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Bebop Spoken There

Steve Race: "The personnel is different, notably in the inclusion of Ben Webster, always, to my mind, a rather half-hearted tenor player" - - New Musical Express, 16-9-1949.

The Things They Say!

Hudson Music: Lance's "Bebop Spoken Here" is one of the heaviest and most influential jazz blogs in the UK.

Rupert Burley (Dynamic Agency): "BSH just goes from strength to strength".

'606' Club: "A toast to Lance Liddle of the terrific jazz blog 'Bebop Spoken Here'"

The Strictly Smokin' Big Band included Be Bop Spoken Here (sic) in their 5 Favourite Jazz Blogs.

Postage

13,508 (and counting) posts since we started blogging 13 years ago. 926 of them this year alone and, so far, 90 this month (July 27).

From This Moment On

Wed 28: Ragtime Rewind Swing Band @ Assembly Rooms, 40 North Bailey, Durham DH1 3ET. 9:20pm. £8.00. A Durham Fringe Festival event (www.durhamfringe.co.uk).

Thu 29: Vieux Carré Jazzmen @ The Holystone North Tyneside. 1:00pm.

Thu 29: Maine Street Jazzmen @ Sunniside Social Club, Gateshead. 8:30pm.

Sat 31: Lindsay Hannon @ Prohibition Bar, Newcastle. 8:00pm. Lindsay previews new, original material.

Sat 31: jaktar + Johnny Richards @ Lit & Phil, Newcastle. 8:00pm. JNE promotion.

August

Sun 01: Vieux Carre Hot 4 @ Spanish City, Whitley Bay. 12 noon.

Sun 01: Jeffrey Hewer Quartet @ The Globe, Newcastle. 8:00pm. Leeds College of Music graduate guitarist (Masters, Jazz Performance & Composition).

Sunday, May 11, 2014

French Jazz Night @ The Jazz Café. May 10











Gypsies of Bohemia: Jim Wallace (guitar), Matthew Whitaker (guitar & vocals), Frank Grime (double bass) & Sam Draper (drums)
Shamans Jazz Quartet: Claire Kahn (tenor & soprano saxophones, violin, vocals), Chris Bonno (electric bass), Amos Joseph (piano) & Fito Pierre (drums). 
(Review by Russell/Photos courtesy of Mike Tilley). 
Mitry Mory meets Madchester or never the twain. The French contingent from the outskirts of Paris – the Shamans – opened the show at a well attended Jazz Café. A community, work-shopping band lead by electric bassist Chris Bonno, their set list comprised French popular song (George Brassens, Charles Aznavour), a standard (Autumn Leaves) and a Latin reworking of Minor Swing.
Vocalist Claire Kahn shocked the audience by singing in French. What is the world coming to?!!! School girl/boy French didn’t help much, Kahn’s soprano sax required little in the way of translation; committed, personal statements. The quartet’s sound driven by Bonno, abetted by drummer Pierre’s energetic display, had the effect of relegating pianist Joseph to that of little heard sideman.
The French theme continued with the arrival of the Madchester boys. The Mancs do jazz their way – Django the inspiration, the material whatever takes their fancy. A couple of Django’s tunes paid homage to the man, otherwise this was alt jazz at its best. Alt jazz? Alt country has reclaimed the music from the rednecks, so the Gypsies of Bohemia have set about dispatching the Mouldy Old Fig to the academic margin, deconstructing pop songs as they go. Charismatic front man Matthew Whitaker (rhythm guitar, vocals & alt beard) sat alongside former Newcastle College music student Jim Wallace (guitar) and as they looked up all they could see was a sea of faces – all seats long since taken, pretty young things sat at their feet, the ‘mad for it’ crowd standing ten deep, bouncing off the walls such was the energy generated by the Bohemians.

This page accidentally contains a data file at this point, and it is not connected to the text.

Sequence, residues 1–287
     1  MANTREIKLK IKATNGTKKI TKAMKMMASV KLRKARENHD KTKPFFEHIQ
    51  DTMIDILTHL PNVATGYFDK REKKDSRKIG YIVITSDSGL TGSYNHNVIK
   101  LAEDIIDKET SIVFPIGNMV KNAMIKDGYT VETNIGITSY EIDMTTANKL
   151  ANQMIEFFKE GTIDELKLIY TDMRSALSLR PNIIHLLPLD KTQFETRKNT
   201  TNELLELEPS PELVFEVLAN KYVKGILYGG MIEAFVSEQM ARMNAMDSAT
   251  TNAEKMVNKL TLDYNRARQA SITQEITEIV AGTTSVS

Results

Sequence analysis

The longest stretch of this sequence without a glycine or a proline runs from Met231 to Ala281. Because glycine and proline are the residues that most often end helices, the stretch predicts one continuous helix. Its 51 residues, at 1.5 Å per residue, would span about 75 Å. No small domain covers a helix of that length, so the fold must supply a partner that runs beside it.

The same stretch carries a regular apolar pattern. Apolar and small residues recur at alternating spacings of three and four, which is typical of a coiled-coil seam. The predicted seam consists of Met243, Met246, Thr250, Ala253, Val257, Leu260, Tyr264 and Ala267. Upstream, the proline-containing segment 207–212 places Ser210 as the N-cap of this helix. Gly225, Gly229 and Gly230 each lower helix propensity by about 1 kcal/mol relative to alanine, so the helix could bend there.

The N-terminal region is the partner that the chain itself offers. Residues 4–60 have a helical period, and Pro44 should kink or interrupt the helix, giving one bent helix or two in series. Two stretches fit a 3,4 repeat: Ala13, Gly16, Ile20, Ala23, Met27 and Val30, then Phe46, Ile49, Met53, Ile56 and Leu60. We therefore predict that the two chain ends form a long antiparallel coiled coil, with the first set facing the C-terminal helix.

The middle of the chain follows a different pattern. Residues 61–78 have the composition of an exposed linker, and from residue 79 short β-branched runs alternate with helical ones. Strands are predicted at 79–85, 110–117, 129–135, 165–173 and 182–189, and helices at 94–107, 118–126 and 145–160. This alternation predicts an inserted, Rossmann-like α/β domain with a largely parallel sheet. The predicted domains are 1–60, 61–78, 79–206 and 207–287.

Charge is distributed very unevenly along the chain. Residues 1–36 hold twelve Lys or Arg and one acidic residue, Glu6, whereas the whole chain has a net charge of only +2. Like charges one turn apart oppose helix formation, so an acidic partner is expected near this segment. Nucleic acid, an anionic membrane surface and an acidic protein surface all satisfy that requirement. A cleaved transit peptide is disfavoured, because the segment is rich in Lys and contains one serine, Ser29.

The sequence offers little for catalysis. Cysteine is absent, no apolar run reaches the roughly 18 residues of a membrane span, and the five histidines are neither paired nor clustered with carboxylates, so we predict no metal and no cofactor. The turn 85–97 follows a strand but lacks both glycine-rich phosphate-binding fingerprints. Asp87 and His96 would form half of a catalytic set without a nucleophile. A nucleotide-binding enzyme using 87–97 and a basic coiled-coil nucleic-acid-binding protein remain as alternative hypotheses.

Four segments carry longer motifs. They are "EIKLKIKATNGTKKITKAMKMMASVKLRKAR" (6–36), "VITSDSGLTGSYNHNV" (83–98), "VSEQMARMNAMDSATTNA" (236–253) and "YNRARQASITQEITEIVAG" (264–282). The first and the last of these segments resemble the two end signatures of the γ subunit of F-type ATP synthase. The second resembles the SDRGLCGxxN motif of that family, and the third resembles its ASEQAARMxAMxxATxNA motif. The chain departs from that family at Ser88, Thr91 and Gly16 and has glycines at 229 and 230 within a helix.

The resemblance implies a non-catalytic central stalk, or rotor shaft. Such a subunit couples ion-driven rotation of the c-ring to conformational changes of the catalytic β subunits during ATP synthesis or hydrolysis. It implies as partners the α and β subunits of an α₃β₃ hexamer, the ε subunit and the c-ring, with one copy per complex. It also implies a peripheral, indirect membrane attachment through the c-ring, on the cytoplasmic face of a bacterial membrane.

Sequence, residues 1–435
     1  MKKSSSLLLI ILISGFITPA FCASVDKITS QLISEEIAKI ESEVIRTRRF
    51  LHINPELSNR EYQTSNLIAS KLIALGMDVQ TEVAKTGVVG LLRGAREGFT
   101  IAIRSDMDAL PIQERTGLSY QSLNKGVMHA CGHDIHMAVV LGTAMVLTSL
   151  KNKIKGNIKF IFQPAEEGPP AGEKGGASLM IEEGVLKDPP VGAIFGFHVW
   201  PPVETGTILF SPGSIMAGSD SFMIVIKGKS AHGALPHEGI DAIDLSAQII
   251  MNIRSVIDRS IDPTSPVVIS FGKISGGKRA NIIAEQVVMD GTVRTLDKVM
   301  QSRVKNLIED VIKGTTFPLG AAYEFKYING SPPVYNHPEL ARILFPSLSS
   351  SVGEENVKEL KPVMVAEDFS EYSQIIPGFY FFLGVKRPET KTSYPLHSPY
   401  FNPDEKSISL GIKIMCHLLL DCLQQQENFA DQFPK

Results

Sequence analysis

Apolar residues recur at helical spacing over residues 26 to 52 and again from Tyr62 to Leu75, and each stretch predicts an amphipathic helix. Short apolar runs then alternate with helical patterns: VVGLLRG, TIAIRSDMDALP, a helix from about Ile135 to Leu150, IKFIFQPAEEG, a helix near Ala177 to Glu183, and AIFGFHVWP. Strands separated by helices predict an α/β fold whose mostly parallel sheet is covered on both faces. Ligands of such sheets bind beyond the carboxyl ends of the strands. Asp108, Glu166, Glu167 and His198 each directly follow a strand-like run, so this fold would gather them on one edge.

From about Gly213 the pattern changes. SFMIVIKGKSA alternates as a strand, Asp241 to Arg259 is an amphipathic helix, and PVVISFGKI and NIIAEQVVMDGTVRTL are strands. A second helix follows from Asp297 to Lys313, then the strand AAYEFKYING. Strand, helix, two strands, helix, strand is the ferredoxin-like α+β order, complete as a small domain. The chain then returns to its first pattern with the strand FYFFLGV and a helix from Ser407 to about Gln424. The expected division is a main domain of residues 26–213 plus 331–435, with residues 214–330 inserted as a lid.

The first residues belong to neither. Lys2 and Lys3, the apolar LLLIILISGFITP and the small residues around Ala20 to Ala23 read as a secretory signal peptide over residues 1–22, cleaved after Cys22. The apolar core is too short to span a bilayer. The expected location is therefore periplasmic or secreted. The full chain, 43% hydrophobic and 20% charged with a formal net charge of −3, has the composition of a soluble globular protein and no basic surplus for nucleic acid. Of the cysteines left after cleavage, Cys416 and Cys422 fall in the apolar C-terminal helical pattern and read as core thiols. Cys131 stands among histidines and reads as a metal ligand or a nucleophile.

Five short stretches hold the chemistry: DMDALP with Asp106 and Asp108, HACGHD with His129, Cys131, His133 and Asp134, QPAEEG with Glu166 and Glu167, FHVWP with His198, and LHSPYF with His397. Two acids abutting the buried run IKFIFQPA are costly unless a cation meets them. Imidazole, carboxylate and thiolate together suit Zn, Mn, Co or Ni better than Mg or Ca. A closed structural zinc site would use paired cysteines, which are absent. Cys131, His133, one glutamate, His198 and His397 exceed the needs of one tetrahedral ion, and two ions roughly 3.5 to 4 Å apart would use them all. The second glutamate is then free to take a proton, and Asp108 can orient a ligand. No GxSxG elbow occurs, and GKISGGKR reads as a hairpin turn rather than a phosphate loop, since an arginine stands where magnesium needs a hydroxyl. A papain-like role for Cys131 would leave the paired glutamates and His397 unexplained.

The rhythm boys – Whitaker, propulsive bassist Frank Grime and ex-Newcastle College student Sam Draper (yes, another success story from the Geordie seat of learning) had it, them, the whole shebang, in their collective back pocket. The eclectic set list – Blondie, Radiohead,, Britney Spears’ Toxic (not as we know it, this was something else, truly toxic!), Soft Cell – struck an acoustic chord with the audience. The Smiths (for some soporific, the Bohemians take on their fellow Mancs somewhat different!), the Prodigy and the Outhere Brothers aren’t obvious jazz material. This gig subverted the obvious, only those with a sense of humour bypass would have failed to get it. The band’s principal soloist, Jim Wallace, studied with James Birkett, some ten years on Dr Birkett would be mightily impressed with his ace student. Superb technique, adapted to the group sound, Wallace is a most impressive player. As the Jazz Café’s mosh pit gathering bounced off the walls the Bohemians enquired triumphantly: Let me hear you say Way Oh!  Boom Boom Boom.         
Russell.

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